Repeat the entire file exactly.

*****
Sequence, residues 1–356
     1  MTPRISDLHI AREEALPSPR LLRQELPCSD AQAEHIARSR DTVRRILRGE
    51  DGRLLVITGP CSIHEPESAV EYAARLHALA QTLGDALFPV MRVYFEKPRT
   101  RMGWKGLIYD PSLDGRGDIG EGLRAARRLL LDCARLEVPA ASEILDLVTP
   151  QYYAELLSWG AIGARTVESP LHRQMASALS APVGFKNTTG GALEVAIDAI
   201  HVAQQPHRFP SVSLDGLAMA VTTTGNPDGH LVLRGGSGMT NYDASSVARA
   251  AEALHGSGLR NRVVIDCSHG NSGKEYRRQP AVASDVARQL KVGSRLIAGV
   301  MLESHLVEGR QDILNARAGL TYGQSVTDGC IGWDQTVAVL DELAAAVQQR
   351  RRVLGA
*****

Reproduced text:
Sequence, residues 1–356
     1  MTPRISDLHI AREEALPSPR LLRQELPCSD AQAEHIARSR DTVRRILRGE
    51  DGRLLVITGP CSIHEPESAV EYAARLHALA QTLGDALFPV MRVYFEKPRT
   101  RMGWKGLIYD PSLDGRGDIG EGLRAARRLL LDCARLEVPA ASEILDLVTP
   151  QYYAELLSWG AIGARTVESP LHRQMASALS APVGFKNTTG GALEVAIDAI
   201  HVAQQPHRFP SVSLDGLAMA VTTTGNPDGH LVLRGGSGMT NYDASSVARA
   251  AEALHGSGLR NRVVIDCSHG NSGKEYRRQP AVASDVARQL KVGSRLIAGV
   301  MLESHLVEGR QDILNARAGL TYGQSVTDGC IGWDQTVAVL DELAAAVQQR
   351  RRVLGA